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Touring Indy’s Treasures: The Soldiers and Sailors Monument

The Indianapolis area is home to a number of “treasures” — interesting places, museums, and landmarks that make Indy special. Join News 8’s Hanna Mordoh on a tour of Indy’s treasures.

Part 1 |

INDIANAPOLIS (WISH) — Monument Circle is in the center of downtown Indianapolis, and at the center of Monument Circle is what many consider the city’s heart — the Soldiers and Sailors Monument.

“We are in the heart of the city and it is a great opportunity to come down and see what the city has been about through the years,” Kasey Zeronek, the director of volunteers and heritage experiences for Indiana Landmarks, said.

During the summer, Zeronek gives monthly one-hour tours of the one-of-a-kind monument.

“What I am thinking as I walk up is how smart the design of the monument is. So, it is the Soldiers and Sailors Monument, right? If you are new or you don’t remember what it is called…soldiers and sailors,” Zeronek said, pointing to the figures on the monument.

The Soldiers and Sailors Monument, along with its pools, fountains, and statuary, opened in May 1902. The monument stands 286 feet tall.

“It is just a little bit shorter than the Statue of Liberty, so it is a really impressive monument in the center of the city,” Zeronek said.

Before the monument was built, the center of the city was a bit undecided, according to Zeronek.

When the city was designed by Alexander Ralston, this was actually supposed to be the governor’s house and it didn’t work out,” Zeronek explained. “So, we went through several iterations. It was a city park before it was the monument. It had the statute of Governor Morton in the middle and, after the Civil War, they decided, ‘Maybe we need to make a little bit more of a statement.’”

Zeronek says the monument was designed by a German architect named Bruno Schmitz during a competition to see whose design could embody the city of Indianapolis.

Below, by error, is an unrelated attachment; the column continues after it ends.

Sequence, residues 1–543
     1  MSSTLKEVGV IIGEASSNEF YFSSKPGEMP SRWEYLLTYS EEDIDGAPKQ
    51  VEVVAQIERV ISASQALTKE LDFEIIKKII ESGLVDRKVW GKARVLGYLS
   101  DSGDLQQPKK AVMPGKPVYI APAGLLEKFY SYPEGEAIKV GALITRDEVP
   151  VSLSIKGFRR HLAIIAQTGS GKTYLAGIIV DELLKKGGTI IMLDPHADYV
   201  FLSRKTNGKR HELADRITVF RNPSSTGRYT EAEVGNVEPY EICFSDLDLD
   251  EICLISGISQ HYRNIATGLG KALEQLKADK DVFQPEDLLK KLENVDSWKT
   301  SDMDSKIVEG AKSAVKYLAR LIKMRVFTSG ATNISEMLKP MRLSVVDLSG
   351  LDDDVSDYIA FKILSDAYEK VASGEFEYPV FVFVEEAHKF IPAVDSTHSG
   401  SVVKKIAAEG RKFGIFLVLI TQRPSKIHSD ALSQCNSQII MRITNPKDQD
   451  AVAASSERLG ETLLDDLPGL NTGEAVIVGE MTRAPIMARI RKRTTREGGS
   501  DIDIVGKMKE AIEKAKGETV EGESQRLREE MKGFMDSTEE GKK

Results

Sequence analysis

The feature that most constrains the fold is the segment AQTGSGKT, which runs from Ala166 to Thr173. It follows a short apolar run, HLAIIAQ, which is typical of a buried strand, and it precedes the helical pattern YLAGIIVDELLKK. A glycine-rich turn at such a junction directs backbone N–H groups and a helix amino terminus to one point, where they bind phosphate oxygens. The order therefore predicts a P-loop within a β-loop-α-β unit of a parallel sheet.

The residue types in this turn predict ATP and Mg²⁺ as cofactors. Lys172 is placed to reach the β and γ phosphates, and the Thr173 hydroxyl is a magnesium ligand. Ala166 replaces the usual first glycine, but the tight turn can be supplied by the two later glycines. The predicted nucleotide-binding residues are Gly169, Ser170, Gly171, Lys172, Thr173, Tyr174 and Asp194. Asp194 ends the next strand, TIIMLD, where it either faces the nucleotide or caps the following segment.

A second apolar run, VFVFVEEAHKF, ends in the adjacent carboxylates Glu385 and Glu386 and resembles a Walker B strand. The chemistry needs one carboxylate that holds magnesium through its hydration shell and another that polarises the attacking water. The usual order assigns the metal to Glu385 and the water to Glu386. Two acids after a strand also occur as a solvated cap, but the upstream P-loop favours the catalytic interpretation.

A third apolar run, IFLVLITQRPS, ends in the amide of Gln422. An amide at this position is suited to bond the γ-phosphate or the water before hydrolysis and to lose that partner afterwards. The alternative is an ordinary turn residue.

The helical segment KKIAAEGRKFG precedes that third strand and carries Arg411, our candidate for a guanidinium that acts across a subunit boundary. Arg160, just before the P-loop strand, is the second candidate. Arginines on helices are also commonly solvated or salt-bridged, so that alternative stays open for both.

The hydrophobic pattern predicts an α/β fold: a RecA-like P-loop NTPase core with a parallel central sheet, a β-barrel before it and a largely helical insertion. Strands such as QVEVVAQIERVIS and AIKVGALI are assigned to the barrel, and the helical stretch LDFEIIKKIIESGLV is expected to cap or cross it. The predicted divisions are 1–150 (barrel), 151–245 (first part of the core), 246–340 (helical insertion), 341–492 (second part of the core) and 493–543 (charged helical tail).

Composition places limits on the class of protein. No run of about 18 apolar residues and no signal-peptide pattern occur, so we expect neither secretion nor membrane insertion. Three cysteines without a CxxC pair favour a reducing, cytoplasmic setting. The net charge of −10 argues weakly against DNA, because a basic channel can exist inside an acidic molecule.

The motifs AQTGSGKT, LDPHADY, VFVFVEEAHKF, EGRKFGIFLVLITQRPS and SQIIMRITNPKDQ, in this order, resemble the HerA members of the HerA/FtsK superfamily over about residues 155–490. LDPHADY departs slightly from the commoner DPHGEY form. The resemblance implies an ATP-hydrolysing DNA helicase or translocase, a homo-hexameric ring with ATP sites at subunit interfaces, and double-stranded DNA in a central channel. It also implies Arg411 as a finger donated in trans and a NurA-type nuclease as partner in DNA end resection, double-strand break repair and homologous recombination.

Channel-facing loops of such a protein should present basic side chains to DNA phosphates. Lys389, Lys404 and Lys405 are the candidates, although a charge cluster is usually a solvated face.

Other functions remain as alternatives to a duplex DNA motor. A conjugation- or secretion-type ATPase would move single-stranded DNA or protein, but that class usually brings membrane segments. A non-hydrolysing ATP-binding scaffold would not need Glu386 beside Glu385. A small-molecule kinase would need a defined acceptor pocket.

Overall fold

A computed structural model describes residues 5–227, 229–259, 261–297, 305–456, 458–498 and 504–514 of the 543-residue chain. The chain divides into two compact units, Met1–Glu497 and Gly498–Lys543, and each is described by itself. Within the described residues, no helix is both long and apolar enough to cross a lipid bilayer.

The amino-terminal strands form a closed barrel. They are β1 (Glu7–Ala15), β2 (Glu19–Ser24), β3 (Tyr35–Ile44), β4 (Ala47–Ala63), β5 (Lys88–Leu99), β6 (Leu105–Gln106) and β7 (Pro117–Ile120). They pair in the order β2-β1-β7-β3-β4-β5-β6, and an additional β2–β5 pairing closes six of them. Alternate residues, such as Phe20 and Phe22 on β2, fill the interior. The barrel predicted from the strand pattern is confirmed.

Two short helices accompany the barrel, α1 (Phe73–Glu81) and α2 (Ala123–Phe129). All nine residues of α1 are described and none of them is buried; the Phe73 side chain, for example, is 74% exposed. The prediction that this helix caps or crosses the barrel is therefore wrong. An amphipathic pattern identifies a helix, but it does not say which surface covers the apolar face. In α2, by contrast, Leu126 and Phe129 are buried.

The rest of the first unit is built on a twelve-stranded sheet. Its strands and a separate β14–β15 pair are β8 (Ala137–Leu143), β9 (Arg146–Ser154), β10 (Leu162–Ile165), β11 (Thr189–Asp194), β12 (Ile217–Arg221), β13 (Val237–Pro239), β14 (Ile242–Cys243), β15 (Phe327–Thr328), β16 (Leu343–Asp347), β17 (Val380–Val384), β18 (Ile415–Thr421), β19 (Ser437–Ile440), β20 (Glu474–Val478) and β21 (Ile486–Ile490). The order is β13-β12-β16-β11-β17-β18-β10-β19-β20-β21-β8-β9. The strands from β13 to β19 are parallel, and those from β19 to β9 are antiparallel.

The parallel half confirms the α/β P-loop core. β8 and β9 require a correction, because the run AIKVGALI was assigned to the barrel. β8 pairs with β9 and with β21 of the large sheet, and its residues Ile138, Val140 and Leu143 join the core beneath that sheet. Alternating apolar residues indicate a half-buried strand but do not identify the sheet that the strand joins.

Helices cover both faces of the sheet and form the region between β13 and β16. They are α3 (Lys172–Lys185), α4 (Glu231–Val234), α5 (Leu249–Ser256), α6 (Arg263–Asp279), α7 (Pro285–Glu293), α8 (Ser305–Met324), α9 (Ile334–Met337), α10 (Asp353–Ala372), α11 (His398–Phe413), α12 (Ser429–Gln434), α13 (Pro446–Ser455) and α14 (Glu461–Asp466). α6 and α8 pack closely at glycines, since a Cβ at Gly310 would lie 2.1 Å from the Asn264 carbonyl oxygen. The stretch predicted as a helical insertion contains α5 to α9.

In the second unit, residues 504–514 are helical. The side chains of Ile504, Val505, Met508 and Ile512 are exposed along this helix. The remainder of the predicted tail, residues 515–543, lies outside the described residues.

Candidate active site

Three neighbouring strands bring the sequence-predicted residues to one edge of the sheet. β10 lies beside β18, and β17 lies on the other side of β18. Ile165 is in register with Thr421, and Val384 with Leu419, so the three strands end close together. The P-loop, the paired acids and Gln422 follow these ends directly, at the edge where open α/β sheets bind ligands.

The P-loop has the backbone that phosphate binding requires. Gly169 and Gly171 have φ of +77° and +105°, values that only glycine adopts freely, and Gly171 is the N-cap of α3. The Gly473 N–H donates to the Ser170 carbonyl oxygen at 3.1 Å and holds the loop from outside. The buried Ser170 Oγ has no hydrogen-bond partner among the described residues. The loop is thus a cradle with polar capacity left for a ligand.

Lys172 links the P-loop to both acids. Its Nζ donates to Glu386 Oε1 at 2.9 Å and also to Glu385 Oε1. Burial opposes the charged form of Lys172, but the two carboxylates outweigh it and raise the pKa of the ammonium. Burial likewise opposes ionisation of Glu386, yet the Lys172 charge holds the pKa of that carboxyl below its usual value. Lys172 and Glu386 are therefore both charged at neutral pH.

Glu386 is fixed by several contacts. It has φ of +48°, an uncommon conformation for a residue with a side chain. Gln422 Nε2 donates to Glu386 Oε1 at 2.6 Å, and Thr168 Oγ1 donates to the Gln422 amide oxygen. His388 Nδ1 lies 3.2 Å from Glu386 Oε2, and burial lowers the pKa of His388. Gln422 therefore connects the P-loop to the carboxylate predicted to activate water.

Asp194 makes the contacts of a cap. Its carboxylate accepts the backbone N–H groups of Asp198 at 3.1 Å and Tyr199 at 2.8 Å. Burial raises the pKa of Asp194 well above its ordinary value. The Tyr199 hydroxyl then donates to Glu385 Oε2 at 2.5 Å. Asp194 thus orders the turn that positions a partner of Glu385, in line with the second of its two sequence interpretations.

“Everything in the Circle is actually designed as part of the monument,” Zeronek said. “A part of frontier life — so he has bison and then, if you look up, you can also see bears.”

The bears look like those seen in Germany, according to Zeronek, and are not necessarily the black bears native to Indiana.

But the gray oolitic limestone that makes up the monument is native to Indiana — it came from Owen County.

The soldiers and sailors depicted on the monument are in memory of the Hoosiers that came before us, according to Zeronek.

“It was something that the community came together to put up as a way to honor the soldiers and sailors who had fought in the 19th-century wars,” Zeronek said.

The Soldiers and Sailors Monument in downtown Indianapolis. (WISH Photo/Hanna Mordoh)

The figures represent the Hoosiers that served in the War of 1812, the Mexican War, the Civil War, the Frontier Wars, and the Spanish-American War as well as the American Revolution.

Along with the history, Zeronek and the other tour guides hope people take away a greater message from the monument: the purpose and the sacrifice of Indiana’s soldiers and sailors.

“I think it is important for people to know this was the first monument in the country that was dedicated to the common soldier,” Retired Air Force Brig. Gen. J. Stewart Goodwin, executive director of the Indiana War Memorials Commission, said.

Goodwin, in his role with the commission, understands the monument’s importance.

“The part of honoring the soldiers is very important because they never got that kind of recognition,” Goodwin said. “I think it is also important to know that when it was built, there was only one monument in the whole country that was taller than this monument, and that was the Washington Monument in Washington, D.C.”

The monument became a National Historic Landmark in 1973. The details honoring Indiana’s servicemembers are evident both near and far.

“On one side, you can see the cavalrymen and the infantrymen, and on the back side, you have a sailor and an artilleryman,” Goodwin said.

The inside of the monument is no longer open to the public, according to Goodwin. The artifacts inside needed to be better preserved and are now in the Indiana War Memorial.

“We went through a major renovation with moving the Eli Lilly Civil War Museum,” said Goodwin.

For now, the inside is off-limits. However, Goodwin says, there is hope that it will one day reopen with a gift shop that sells Indiana merchandise only.

In the meantime, Goodwin says, the monument is also just a place to gather. The 7,000 gallons of water moving across the spillway fountains every minute, helps people do just that, according to Goodwin.  

“The fountains are a very important part because they add a sense of calmness and they are a meeting place,” Goodwin said.

And even over 100 years ago, it was clear if you build it, they will come.

“It doesn’t matter what (gathering) it is, people want to have it here, you know, because this is the icon,” Goodwin said.